7. Effect of heterogenous and homogenous air gaps on dry heat loss through the garment.

    Science.gov (United States)

    Mert, Emel; Psikuta, Agnes; Bueno, Marie-Ange; Rossi, René M

    2015-11-01

    In real life conditions, the trapped air between the human body and the garment has uneven shape and vary over the body parts as a consequence of the complex geometry of the human body. However, the existing clothing models assume uniform air layer between the human body and the garment or its full contact, which may cause large error in the output of simulations. Therefore, the aim of this study was to investigate the effect of a heterogeneous vertical air gap with different configuration of folds (size and frequency) on dry heat loss using a heated cylinder (Torso). It was found that the presence of folds in the garment led to an increased heat loss from the body in comparison to a homogeneous air gap of comparable size. Interestingly, the size of folds did not have an influence on the dry heat loss. Additionally, the effect of the contact area on dry heat loss became important when exceeding a threshold of about 42%. The results from this study are useful for modelling of a realistic dry heat loss through the clothing and contribute to the improvement of design of protective and active sport garments. PMID:25796204

  8. The effects of laser welding on heterogeneous immunoassay performance in a microfluidic cartridge.

    Science.gov (United States)

    Mäntymaa, Anne; Halme, Jussi; Välimaa, Lasse; Kallio, Pasi

    2011-12-01

    Sealing of a microfluidic cartridge is a challenge, because the cartridge commonly contains heat-sensitive biomolecules that must also be protected from contamination. In addition, the objective is usually to obtain a sealing method suitable for mass production. Laser welding is a rapid technique that can be accomplished with low unit costs. Even though the technique has been widely adopted in industry, the literature on its use in microfluidic applications is not large. This paper is the first to report the effects of laser welding on the performance of the heterogeneous immunoassay in a polystyrene microfluidic cartridge in which biomolecules are immobilized into the reaction surface of the cartridge before sealing. The paper compares the immunoassay performance of microfluidic cartridges that are sealed either with an adhesive tape or by use of laser transmission welding. The model analyte used is thyroid stimulating hormone (TSH). The results show that the concentration curves in the laser-welded cartridges are very close to the curves in the taped cartridges. This indicates, first, that laser welding does not cause any significant reduction in immunoassay performance, and second, that the polystyrene cover does not have significant effect on the signal levels. Interestingly, the coefficients of variance between parallel samples were lower in the laser-welded cartridges than in the taped cartridges. PMID:22685505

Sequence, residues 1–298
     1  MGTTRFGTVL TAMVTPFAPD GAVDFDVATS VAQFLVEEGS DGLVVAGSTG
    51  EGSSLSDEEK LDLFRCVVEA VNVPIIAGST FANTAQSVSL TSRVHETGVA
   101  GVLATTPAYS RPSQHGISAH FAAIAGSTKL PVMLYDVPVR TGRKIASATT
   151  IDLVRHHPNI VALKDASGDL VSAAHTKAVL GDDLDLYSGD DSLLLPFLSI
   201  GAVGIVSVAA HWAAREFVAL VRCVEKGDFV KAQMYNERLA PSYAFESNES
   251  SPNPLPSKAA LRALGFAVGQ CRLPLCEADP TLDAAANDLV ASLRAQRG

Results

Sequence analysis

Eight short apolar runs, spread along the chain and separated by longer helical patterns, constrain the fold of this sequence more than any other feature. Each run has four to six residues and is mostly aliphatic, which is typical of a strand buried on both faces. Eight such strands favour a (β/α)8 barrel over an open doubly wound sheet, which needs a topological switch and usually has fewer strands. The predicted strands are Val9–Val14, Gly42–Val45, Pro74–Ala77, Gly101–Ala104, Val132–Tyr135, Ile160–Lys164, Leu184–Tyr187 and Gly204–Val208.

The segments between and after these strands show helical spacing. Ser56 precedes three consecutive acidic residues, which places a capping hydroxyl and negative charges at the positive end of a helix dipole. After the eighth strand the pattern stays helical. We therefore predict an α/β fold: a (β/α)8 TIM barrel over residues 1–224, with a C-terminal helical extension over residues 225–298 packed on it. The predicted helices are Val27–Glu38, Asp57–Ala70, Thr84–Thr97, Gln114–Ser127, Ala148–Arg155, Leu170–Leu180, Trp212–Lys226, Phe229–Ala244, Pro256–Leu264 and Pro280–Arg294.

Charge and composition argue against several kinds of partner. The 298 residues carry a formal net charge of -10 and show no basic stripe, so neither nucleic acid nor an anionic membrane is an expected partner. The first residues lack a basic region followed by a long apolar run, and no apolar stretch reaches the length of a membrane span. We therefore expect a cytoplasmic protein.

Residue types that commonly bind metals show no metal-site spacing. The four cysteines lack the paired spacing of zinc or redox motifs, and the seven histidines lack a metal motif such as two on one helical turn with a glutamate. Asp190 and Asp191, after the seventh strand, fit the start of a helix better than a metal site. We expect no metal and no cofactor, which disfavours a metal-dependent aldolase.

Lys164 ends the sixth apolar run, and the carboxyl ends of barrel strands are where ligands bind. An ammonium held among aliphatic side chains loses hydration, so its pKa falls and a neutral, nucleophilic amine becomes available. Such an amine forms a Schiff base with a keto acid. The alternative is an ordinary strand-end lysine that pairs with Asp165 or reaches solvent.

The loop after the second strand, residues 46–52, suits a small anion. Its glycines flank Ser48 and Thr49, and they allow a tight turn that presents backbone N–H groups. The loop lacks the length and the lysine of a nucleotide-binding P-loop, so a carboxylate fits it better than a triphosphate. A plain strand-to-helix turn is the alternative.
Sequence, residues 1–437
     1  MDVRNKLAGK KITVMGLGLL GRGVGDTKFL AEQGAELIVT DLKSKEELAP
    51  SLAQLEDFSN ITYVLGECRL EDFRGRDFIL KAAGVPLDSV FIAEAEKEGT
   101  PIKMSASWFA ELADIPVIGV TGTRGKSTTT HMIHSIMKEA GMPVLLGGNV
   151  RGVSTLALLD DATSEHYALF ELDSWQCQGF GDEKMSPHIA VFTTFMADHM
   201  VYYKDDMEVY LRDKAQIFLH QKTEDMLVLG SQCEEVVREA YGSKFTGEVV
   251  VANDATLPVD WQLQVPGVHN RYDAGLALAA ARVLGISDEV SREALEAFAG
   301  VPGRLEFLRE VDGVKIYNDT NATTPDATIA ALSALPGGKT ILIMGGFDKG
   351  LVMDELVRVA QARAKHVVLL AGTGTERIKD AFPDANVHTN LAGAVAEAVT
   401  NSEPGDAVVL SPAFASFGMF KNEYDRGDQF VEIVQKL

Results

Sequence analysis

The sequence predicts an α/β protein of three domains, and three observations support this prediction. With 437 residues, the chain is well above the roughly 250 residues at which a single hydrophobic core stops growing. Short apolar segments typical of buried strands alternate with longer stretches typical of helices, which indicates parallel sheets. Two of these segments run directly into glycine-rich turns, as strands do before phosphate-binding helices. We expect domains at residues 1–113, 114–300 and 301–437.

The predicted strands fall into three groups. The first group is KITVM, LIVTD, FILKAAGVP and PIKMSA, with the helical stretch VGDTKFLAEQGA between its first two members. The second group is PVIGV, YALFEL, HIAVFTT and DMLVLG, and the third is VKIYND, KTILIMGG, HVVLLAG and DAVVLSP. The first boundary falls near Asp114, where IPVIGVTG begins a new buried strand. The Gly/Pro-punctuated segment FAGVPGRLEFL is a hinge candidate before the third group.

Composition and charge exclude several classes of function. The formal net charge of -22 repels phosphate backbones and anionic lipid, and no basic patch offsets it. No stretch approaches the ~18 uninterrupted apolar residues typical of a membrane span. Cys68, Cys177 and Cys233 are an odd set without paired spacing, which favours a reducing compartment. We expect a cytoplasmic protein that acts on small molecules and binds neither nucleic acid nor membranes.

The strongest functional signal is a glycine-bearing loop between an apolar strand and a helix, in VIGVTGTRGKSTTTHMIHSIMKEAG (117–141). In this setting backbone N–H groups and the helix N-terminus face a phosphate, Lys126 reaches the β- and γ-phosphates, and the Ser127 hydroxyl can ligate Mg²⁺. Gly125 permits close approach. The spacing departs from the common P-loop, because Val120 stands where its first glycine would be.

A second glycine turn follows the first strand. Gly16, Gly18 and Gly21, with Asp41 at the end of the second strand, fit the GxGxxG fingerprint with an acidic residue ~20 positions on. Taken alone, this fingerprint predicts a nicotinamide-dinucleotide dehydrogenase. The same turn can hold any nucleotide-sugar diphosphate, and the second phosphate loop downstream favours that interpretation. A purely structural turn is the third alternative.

9. Similarity and heterogeneity effects in visual search are mediated by "segmentability".

    Science.gov (United States)

    Utochkin, Igor S; Yurevich, Maria A

    2016-07-01

    The heterogeneity of our visual environment typically reduces the speed with which a singleton target can be found. Visual search theories explain this phenomenon via nontarget similarities and dissimilarities that affect grouping, perceptual noise, and so forth. In this study, we show that increasing the heterogeneity of a display can facilitate rather than inhibit visual search for size and orientation singletons when heterogeneous features smoothly fill the transition between highly distinguishable nontargets. We suggest that this smooth transition reduces the "segmentability" of dissimilar items to otherwise separate subsets, causing the visual system to treat them as a near-homogenous set standing apart from a singleton. (PsycINFO Database Record PMID:26784002

  10. Effects of city-size heterogeneity on epidemic spreading in a metapopulation: A reaction-diffusion approach

    CERN Document Server

    Lund, Halvor; Simonsen, Ingve

    2012-01-01

    We review and introduce a generalized reaction-diffusion approach to epidemic spreading in a metapopulation modeled as a complex network. The metapopulation consists of susceptible and infected individuals that are grouped in subpopulations symbolising cities and villages that are coupled by human travel in a transportation network. By analytic methods and numerical simulations we calculate the fraction of infected people in the metaopoluation in the long time limit, as well as the relevant parameters characterising the epidemic threshold that separates an epidemic from a non-epidemic phase. Within this model, we investigate the effect of a heterogeneous network topology and a heterogeneous subpopulation size distribution. Such a system is suited for epidemic modeling where small villages and big cities exist simultaneously in the metapopulation. We find that the heterogeneous conditions cause the epidemic threshold to be a non-trivial function of the reaction rates (local parameters), the network's topology ...

  11. Expanding the Scope of Mindfulness-Based Cognitive Therapy: Evidence for Effectiveness in a Heterogeneous Psychiatric Sample

    Science.gov (United States)

    Green, Sheryl M.; Bieling, Peter J.

    2012-01-01